86 Year-Old Grandpa Learned To Knit So He Could Help Premature Babies.

86 Year-Old Grandpa Learned To Knit So He Could Help Premature Babies. November 21, 2018

Premature babies have a really rough start in life. Most of them end up hooked up to ventilators. Some even require surgery to fix a defective heart valve or some other condition brought on by the fact that they came out of their mothers a little too soon. Fortunately, a kind Georgia man living in a nursing home decided to make life for these preemies a little easier by warming their tiny little heads right up. All it took was for him to figure out how to master the art of knitting and then distribute these adorable handmade caps to some babies in need.Ed knew he wanted to volunteer when the staff at the Dogwood Forest Assisted Living Facility asked their elderly residents to assist in making caps for premature babies.

Especially parents like Doug Bunt and his wife, whose youngest son Matthew was a preemie just like their 5-year-old had been. For the Bunts, knowing that there was someone out there who cared so much for these babies meant the world to them.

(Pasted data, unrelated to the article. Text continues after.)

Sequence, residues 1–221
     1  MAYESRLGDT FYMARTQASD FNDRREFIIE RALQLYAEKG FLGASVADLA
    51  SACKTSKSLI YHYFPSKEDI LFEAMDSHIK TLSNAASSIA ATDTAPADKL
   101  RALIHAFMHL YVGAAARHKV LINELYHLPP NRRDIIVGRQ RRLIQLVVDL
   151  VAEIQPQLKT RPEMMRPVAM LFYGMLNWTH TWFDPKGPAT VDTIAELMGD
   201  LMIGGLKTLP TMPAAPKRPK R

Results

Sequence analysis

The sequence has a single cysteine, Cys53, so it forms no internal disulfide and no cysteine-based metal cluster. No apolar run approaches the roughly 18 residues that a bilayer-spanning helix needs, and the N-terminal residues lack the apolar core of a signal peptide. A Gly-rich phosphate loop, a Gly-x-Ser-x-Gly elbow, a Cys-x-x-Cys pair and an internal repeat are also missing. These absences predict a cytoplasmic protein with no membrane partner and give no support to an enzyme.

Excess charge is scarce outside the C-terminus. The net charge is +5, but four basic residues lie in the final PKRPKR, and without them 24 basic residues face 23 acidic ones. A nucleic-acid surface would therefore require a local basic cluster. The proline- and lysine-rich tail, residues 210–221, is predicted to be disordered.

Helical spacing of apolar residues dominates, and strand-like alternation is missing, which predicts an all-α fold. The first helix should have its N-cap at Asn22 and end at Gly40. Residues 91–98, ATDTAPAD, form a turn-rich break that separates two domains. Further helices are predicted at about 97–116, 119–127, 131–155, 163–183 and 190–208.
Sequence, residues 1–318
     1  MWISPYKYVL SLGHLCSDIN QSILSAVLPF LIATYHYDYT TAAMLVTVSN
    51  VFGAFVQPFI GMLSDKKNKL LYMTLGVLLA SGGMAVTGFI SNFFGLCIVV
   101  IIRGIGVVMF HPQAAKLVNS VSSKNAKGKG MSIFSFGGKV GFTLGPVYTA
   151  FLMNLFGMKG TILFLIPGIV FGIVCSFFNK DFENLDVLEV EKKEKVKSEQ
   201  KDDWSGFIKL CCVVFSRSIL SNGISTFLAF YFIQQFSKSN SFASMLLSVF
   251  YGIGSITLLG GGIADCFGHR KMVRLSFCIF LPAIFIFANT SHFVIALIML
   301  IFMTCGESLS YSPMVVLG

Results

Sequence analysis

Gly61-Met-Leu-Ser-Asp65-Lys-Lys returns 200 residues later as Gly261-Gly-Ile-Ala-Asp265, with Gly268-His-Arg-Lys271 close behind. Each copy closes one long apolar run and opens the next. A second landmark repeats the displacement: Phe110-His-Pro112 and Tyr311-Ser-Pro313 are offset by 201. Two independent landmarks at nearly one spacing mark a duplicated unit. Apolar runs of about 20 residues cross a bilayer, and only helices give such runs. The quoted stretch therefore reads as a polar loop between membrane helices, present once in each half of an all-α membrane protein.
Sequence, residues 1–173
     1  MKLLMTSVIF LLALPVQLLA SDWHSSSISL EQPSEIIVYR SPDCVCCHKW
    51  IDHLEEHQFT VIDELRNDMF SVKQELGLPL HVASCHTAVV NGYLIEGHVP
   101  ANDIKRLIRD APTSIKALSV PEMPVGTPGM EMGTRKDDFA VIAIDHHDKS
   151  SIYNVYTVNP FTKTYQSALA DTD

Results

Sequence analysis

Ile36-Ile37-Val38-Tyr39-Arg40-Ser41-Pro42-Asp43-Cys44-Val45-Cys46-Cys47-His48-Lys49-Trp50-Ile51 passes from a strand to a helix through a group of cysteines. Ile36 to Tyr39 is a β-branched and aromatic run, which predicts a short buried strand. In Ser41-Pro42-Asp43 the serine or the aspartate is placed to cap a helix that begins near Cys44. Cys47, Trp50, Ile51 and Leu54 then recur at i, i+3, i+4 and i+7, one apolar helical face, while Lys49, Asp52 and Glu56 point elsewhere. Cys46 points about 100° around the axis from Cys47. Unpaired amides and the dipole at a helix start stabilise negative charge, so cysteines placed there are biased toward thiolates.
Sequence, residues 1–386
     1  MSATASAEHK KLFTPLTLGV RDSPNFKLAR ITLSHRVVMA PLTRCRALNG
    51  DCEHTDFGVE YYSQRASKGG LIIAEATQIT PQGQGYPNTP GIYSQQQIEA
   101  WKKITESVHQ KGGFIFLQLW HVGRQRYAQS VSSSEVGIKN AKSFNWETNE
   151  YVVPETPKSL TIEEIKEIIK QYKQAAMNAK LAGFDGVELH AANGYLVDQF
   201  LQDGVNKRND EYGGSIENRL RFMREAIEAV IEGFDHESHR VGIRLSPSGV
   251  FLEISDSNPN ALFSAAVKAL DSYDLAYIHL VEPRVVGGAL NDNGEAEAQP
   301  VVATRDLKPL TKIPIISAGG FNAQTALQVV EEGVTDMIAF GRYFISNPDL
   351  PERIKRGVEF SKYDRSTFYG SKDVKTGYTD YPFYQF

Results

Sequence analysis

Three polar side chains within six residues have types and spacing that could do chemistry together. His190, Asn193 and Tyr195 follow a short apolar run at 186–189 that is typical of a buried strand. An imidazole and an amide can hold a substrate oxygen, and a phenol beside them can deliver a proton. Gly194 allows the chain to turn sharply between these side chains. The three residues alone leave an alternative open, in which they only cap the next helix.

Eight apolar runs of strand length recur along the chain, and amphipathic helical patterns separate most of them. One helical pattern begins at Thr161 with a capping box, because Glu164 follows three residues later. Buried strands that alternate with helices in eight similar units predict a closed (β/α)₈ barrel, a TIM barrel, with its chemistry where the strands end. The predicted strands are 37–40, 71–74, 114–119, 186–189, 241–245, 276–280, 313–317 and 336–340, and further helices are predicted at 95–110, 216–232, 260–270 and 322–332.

Although the corporate office had eight communities, Dogwood was the only one that came to the aid of these adorable preemies.

The retired engineer took it upon himself to figure out how to knit, which he found to be an exciting challenge, especially since he never knitted in his life. His daughter bought him a looming kit with instructions, which helped a lot. He even held classes so that his fellow residents would follow in his steps. Unfortunately, not many of them participated… at least not initially.

With the help of his family and Dogwood staff members, he managed to knit a bunch of caps to present to the NICU.

It wasn’t long before his entire couch was filled with cute caps made of yarn that would later be distributed. Of the 300 plus hats created, Ed knitted 55 of them by himself.

The hats were eventually delivered to the Northside Hospital in time for National Preemie Awareness Day. The staff and the families were overwhelmed by the support that these caps represented. Knowing that people cared was clearly a huge relief, especially to the preemies who no longer had to worry about their heads being cold.